Frankie Bernard was an inspiration to all, a man who never let his physical challenges deter him from his pursuits in
life. With the support of a loving family and friends who enjoyed being in his presence, Frankie lived each day to its fullest.
Born with Spina Bifida, Frankie graduated from Chelsea High School in 1986 and attended the Massachusetts College of Art. He became an accomplished cartoonist and caricaturist, delighting readers on the pages of the Chelsea Record and its sister publications with his creativity and keen sense of humor.
He brought joy to visitors to Faneuil Hall Marketplace with his caricatures and taught others the craft of art and to appreciate it while serving as an instructor at Bunker Hill College and in school programs in Chelsea. Through social media, he developed friendships with other artists all over the country.
Francis J. ‘Frankie’ Bernard Jr., son of Mary L. (Manning) Bernard and the late Francis J. Bernard Sr., died on Dec. 18 after a brief illness. Frankie was 51.
“The most important thing I would want people to know is how strong he was, what he endured, and he just took it with a grain of salt,” said his sister, Maureen Bernard Jurgelewicz. “The hospitalizations, the procedures, and the tests, things most people couldn’t endure, Frankie met them head on as a fact of life.
“Interestingly enough, they told my mother that Frankie would live to be about 2 years old, so he defied that by a lot,” said Maureen. “He surprised the doctors with surviving and flourishing.”
And he did flourish, demonstrating an early gift of proficiency in art and caricatures. “That came out pretty much when he was a toddler – he was able to draw and he could pick up any song and play it on the keyboards, even though he never had lessons,” said Maureen. “You could see he had that gift at a young age. He was very artistic.”
Maureen recalled how Frankie would engage in recreational activities with the other children on Gardner Street and in the neighborhood, participating regularly in games like kickball and kick the can.
“He would try to keep up with us and he could,” said Maureen.
She describes her mother, Mary Bernard, as “an angel,” who devoted her whole life to Frankie with her care, her uplifting manner, and her kindness.
“Frankie and I had a good relationship, sometimes I was like a second mom to him, though he didn’t always like that too much,” said Maureen. “We did a lot together, the past two years especially.”
Maureen said her brother loved Chelsea. “I tried to get him to move closer to me, but he wouldn’t budge – he loved everything about Chelsea. He loved his Chelsea friends.”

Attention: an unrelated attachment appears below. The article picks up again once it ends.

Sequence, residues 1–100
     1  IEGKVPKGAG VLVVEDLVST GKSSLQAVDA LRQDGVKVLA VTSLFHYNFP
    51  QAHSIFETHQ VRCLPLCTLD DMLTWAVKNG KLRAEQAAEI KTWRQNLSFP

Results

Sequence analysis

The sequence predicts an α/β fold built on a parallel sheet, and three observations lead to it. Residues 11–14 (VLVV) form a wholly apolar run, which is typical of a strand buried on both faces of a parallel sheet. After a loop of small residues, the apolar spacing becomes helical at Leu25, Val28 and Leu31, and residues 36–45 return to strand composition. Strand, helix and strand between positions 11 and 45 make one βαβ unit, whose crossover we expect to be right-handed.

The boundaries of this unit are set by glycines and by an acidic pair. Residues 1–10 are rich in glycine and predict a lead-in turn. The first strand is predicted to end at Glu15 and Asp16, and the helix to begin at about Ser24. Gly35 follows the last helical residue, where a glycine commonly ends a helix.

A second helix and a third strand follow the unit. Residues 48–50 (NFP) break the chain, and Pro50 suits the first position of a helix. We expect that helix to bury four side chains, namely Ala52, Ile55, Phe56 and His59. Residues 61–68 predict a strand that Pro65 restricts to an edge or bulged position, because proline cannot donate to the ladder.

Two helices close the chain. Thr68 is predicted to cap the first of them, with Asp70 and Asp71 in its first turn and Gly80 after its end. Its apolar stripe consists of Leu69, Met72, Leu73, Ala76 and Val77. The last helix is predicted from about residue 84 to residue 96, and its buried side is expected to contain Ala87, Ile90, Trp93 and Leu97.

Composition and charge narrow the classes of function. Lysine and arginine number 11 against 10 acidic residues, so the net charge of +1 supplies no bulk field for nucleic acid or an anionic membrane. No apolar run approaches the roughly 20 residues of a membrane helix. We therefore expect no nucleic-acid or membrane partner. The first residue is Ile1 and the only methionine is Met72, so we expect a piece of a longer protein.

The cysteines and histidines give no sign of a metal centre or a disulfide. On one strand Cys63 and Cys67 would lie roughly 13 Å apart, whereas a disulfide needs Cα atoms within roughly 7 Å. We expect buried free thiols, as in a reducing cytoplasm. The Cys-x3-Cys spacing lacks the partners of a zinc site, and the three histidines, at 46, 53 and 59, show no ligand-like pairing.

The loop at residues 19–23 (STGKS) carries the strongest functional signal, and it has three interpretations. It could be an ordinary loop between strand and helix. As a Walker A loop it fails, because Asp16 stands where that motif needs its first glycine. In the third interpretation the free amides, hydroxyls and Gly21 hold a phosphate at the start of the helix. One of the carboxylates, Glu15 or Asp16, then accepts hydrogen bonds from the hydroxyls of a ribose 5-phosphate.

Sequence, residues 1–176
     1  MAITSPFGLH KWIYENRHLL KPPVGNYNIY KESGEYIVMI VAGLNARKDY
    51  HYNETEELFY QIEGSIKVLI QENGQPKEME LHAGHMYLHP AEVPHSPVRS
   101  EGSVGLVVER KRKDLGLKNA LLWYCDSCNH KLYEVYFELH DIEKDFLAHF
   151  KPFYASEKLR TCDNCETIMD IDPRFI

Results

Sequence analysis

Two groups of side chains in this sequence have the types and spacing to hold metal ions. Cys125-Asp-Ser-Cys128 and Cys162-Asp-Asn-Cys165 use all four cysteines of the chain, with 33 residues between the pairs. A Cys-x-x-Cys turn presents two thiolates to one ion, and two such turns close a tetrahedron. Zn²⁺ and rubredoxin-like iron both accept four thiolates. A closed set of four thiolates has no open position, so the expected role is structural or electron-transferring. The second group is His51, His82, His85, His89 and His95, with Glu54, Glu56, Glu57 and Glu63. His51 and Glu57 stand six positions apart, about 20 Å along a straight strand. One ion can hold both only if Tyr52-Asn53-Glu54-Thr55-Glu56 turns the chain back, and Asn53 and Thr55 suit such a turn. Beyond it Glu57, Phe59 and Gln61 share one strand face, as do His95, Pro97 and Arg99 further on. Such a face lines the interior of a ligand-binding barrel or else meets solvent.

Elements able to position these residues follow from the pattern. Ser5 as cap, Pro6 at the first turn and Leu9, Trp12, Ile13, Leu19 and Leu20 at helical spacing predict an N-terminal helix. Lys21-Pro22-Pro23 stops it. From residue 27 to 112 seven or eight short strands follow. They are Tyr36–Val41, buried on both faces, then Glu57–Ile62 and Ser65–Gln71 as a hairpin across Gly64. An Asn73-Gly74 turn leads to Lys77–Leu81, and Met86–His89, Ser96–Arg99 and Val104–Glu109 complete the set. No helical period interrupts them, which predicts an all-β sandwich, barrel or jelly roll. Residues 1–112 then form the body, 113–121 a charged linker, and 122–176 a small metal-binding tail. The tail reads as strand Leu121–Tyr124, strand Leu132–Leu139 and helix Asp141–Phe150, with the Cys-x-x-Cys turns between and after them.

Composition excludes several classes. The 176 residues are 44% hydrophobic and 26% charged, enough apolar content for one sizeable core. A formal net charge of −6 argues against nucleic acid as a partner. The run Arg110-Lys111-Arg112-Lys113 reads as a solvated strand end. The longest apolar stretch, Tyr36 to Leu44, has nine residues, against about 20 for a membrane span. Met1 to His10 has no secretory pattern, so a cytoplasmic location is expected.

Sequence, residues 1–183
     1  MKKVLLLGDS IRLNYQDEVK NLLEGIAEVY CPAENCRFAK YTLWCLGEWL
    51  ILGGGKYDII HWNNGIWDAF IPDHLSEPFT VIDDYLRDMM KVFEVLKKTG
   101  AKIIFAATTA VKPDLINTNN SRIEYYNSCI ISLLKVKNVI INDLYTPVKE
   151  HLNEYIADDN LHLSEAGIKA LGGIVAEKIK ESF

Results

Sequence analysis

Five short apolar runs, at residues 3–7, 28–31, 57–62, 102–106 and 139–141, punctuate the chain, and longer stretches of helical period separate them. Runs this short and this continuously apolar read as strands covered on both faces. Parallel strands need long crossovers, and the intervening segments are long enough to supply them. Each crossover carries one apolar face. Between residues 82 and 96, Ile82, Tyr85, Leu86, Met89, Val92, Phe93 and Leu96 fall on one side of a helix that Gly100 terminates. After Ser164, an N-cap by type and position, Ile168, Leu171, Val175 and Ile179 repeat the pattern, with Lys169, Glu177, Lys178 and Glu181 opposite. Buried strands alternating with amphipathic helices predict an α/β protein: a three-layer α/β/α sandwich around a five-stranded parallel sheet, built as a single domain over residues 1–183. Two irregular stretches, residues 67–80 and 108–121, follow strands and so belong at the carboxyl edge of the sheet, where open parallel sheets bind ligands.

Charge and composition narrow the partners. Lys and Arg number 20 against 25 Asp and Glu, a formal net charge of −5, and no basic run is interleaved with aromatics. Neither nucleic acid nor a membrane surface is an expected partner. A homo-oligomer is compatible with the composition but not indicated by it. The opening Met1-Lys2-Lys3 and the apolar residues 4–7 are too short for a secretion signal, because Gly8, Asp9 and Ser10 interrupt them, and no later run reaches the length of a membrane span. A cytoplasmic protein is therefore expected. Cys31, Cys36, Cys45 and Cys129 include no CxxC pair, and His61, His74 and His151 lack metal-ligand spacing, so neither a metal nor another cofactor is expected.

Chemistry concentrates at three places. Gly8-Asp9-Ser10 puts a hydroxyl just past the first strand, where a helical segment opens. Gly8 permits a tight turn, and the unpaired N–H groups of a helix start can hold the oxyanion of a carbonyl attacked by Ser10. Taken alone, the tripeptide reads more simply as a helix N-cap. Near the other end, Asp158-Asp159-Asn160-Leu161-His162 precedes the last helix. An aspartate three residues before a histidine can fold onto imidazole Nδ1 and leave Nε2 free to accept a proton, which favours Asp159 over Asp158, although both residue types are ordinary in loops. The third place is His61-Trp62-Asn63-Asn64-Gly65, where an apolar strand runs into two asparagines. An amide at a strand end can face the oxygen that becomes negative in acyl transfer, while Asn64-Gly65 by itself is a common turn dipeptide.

Sean Richards was one of Frankie’s closest friends, according to Maureen.
It was Maureen who wrote the beautiful eulogy that was delivered by Frankie’s nephew, Michael Bernard Jr., at the funeral Mass Dec. 22 at Our Lady of Grace Church.
Following is the eulogy:
Eulogy for Frankie
Love can cure your problems/You’re so lucky I’m around/Let my love open the door.
These are the lyrics to one of Frankie’s favorite songs from one of his favorite bands. They seem so fitting today as we pay tribute to our beloved friend, uncle, brother and son Frankie.
We love your strength and hope Frankie. Your Chelsea-strong fighting spirit. You showed us that strength means never giving up in the face of another hospital stay, another surgery or another social rejection. Your hope was for a better new day, each day, and that never waivered.
Frankie, we love that God blessed you with the gift of art. You loved to draw your caricatures and cartoons. It was your passion and profession. Other than a big tip or paycheck, you liked nothing more than to make people smile with your caricatures.
We loved your gusto for life. It was there as a kid playing kick-the-can on Gardner and Parker. Always keeping up with the neighborhood kids. It was there for concerts and karaoke as an adult. For attending your beloved Celtics and Red Sox games. You were always ready, willing and able to pursue a good time.
Frankie we love that you were a great friend. You loved nothing more than spending time with your friends. From your friends awakening you from hospice care in the ICU to meeting you at the PPC or the Brown Jug, you cherished each and every moment with them.
We love your love for family. As an Uncle, Brother and Son you have taught us so much. You gifted us with the lessons of patience and perseverance. You were a living example of never sweating the small stuff. You and Mom were a living example of dedication and truly unconditional love. This love was truly the best medicine of all.
We were so lucky you were around.